University of South Carolina

Breakthrough Article

Human brain activity is key in deception research


This article appears in the newest edition of Breakthrough Magazine, a publication that focuses on research and economic development at the University of South Carolina. 

In the Fox Network TV show Lie to Me, Dr. Cal Lightman and his intrepid team figure out who is lying by spotting subtle body language cues and using their nifty Facial Action Coding System to detect microexpressions.

Twitch your eyebrows or tighten your jaw in front of those guys, and you're dead meat. They always catch the liars.

In real life, detecting deception isn't so easy. Real experts on deception will tell you that microexpressions and body language make for entertaining TV scripts but haven't been objectively verified for lie detection purposes. Even polygraph tests, though their track record is far more extensive, aren't admissible in court.

Jennifer Vendemia
Jennifer Vendemia

It turns out the real answer to detecting deception is to search -- not in the black heart of deceit -- but in the neurological wiring of the human mind. That's what Carolina psychology professor Jennifer Vendemia has been doing for several years, and her research, currently funded with $5.1 million from several federal agencies, has turned up some interesting facts.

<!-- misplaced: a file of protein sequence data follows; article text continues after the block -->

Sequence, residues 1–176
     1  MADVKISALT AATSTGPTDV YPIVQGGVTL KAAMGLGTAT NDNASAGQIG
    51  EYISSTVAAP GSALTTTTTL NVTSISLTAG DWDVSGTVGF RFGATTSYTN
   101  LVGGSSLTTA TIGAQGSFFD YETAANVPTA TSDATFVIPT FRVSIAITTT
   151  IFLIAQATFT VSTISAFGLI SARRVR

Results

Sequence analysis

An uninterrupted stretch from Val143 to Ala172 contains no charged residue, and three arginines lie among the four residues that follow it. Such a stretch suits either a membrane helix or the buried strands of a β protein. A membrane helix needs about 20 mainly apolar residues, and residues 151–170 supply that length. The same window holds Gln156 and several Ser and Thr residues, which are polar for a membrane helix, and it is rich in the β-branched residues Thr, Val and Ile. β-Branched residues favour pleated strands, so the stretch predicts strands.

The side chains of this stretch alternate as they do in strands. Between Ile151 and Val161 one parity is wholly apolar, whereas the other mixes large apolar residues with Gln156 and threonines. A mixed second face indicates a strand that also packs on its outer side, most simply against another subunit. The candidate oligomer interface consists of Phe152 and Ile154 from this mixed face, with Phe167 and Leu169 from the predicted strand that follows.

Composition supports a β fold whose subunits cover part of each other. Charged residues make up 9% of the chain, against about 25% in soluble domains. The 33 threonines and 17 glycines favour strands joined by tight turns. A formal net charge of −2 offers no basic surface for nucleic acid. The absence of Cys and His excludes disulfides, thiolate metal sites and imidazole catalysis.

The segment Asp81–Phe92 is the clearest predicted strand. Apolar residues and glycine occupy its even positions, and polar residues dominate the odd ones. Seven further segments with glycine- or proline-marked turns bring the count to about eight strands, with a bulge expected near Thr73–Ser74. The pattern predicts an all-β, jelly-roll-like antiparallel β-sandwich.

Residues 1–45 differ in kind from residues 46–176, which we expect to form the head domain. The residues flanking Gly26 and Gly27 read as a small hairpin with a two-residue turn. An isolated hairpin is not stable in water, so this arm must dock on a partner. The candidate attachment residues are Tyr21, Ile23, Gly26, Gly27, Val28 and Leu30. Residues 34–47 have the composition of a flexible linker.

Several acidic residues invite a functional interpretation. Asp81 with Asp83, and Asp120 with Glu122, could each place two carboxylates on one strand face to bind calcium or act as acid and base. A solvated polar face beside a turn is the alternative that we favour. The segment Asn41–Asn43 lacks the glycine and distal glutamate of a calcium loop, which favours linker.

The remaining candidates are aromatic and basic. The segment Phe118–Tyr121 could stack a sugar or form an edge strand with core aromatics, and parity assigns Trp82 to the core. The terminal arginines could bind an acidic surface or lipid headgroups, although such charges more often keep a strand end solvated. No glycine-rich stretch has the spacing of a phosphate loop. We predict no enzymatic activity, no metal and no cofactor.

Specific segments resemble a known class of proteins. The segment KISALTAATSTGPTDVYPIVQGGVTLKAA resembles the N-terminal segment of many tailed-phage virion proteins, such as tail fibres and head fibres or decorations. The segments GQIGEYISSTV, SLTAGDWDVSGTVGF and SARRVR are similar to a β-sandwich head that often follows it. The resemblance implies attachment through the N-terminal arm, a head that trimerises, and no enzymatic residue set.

"We're mapping out the areas of the brain that are involved in deception," Vendemia said, "and looking for the precise brain-wave activity that occurs at the moment a person decides to deceive."

In more than six years of deception studies at the University of South Carolina, Vendemia's research group has been able to isolate, by analyzing brain waveforms of volunteer subjects, the exact instant when a person decides to lie. It's a fleeting moment-only a half-second long-that occurs just after a question is asked by an interrogator and before the subject's verbal response.

"What we're finding is that there is no naughty spot in the brain where the decision to tell a lie originates," Vendemia said. "There are multiple regions, and it's very individualized how each person's brain works.

"What's common for all of us, though, is that lying involves a decision. In the space of 800 milliseconds or so, we decide to inhibit a truthful response and give a deceptive response to a question."

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